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DO NOT work as an ALT - even JET

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Tsukekomareta

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Hello,
I'm new to the forum, but I worked as a JET and then an HR rep for these so-called, 'ALT companies' totaling 5 years.
I'm here to give you warning about working in Japan as an ALT.
To begin, I came to Japan with high hopes. I felt that I could achieve something in Japan that I couldn't in my home country. Boy, was I wrong.
As a JET, I was largely marginalized. I was placed 'in charge' of the special ed department. You may say, 'that's great! You were placed in charge of something!' The truth is, however, I spent 90% of my time with 4 special ed children. The school had over 500 other students all with mandatory English lessons. I was 'in charge' of the classes no other teachers wanted.
For some reason, the school district, after having paid a lot of money for me, wouldn't have me in their English classrooms. My theory is that I was essentially a PR
stunt to show parents and other districts that they were hiring foreigners and thus 'with it' in terms of English education.

On to the private ALT dispatch companies...

Long story short, they don't care anything about you. JET has created a need for native English speakers to teach in Japanese schools, yet no guidelines are established as to what that means. The private companies come in and bid (far) lower than JET.
They sell you on 'live in a foreign country!' and 'get to know yourself!'
However, to them they're just looking for a body to fill a role.
They don't care about your life. They don't care if you can speak English and they certainly don't care about the law.
At best, you won't be paid any money at all 3 months out of the year. Usually, August, December and April.
At worst, you'll not be paid at all. Ever.
Your paycheck will be the bare minimum necessary to sustain life and even then, you'll be docked with 'deductions' for basic needs such as water and electricity.
In my experience, I've seen ALTs receive a paycheck of ¥2000 (USD $20) for an entire month's work.

To sum it up - DO NOT come to work in Japan as an ALT. You will be abused and neglected; if you're lucky.

Nothing is worth the treatment you'll receive here. You will become a caricature of 'foreigners' and never let out of your cage. Stay home studying something worthwhile. Japan is overrated.

Best,
 

Mike Cash

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Another starry-eyed burnout....


You know, there are things to do here other than the English racket. Free yourself from that crap and it is a totally different country.....not "overrated" at all.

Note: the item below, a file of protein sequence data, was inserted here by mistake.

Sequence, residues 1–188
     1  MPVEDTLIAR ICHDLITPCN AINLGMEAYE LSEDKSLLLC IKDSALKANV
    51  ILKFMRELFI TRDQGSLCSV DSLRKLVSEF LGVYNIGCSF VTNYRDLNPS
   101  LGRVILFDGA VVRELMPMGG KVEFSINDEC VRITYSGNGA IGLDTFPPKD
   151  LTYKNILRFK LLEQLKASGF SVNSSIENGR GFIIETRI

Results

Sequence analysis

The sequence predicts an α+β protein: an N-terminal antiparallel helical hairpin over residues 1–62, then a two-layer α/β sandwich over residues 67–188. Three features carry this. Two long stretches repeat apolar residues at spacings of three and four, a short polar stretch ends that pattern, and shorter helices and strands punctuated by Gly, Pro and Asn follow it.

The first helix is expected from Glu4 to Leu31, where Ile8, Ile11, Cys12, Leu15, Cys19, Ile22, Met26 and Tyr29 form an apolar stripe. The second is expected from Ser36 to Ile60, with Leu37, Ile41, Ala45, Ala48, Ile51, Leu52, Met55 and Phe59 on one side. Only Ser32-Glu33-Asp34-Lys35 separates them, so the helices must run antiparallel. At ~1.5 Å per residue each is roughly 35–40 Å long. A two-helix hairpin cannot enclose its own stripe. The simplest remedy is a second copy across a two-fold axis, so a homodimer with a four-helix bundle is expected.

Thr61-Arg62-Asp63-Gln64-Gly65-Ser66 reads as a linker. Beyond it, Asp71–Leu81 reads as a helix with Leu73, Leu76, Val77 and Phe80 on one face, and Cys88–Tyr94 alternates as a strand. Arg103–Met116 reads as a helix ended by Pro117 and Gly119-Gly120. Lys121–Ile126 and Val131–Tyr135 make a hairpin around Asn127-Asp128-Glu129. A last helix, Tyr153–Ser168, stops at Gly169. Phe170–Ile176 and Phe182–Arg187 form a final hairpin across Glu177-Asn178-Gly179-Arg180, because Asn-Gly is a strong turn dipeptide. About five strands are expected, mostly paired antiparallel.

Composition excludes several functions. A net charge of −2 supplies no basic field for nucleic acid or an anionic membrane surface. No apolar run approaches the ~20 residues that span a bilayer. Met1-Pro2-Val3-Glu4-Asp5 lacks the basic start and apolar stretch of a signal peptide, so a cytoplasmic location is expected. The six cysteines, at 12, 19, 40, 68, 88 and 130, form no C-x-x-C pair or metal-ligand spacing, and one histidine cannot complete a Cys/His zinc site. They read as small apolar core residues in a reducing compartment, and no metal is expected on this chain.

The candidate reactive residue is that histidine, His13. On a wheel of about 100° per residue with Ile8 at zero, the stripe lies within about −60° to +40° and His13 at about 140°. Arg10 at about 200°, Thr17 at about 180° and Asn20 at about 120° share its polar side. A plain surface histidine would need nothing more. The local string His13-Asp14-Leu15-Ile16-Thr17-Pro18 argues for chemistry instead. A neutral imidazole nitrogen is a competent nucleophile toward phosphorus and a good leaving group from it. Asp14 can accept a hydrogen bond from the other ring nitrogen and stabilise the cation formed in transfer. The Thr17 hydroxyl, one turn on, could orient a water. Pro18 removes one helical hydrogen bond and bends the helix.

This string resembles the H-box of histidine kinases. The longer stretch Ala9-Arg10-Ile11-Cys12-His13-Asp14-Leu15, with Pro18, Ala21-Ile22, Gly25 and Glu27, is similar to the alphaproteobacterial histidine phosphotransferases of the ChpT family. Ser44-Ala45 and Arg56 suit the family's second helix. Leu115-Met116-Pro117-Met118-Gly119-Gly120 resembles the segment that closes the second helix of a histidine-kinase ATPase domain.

Why did you sit and fester in it for five years? Did you make the common mistake of coming to Japan with no marketable job skills, inadequate Japanese skills, and top it off by failing to develop either while you were here?

I do thank you for providing a post illustrating the very sort of thing I try so very hard to warn people to avoid and how miserable a place this can be if you come here unprepared and find yourself stuck pretending to teach English to people who are pretending to learn it.
 

Tsukekomareta

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Mike,
Thanks for the reply.
Truth is, I came to Japan very prepared. Excellent Japanese skills (that only improved), an intimate knowledge of the culture and history and, believe it or not, a desire to help people.
I was met with derision and lies, however.
The reason I 'festered' was I believed there was something to take away from it all - A reason to push through the pain.
That was not the case when it finally dawned on me.
I understand you've carved out a life for yourself and your alleigence is set. I'd like to know, though, what is it that you do in Japan that is so 'legit?'

Best,
 

tomoni

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Hi Tsukekomareta,

Sorry to hear you did not have a rewarding experience. I think that the JET experience differs depending on where you are placed. However, generally speaking JETS are not considered to be teachers, but "cultural ambassadors" to expose kids to people from different countries. I think that most JETS are in a teaching assistant role, and more typically in a language modelling role. Ultimately, the experience depends on how the school/s try to incorporate the JETS.

cheers
 

Glenski

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At best, you won't be paid any money at all 3 months out of the year. Usually, August, December and April.
At worst, you'll not be paid at all. Ever.
I think these statements deserve quite a bit more detail than you are portraying.

Your paycheck will be the bare minimum necessary to sustain life and even then, you'll be docked with 'deductions' for basic needs such as water and electricity.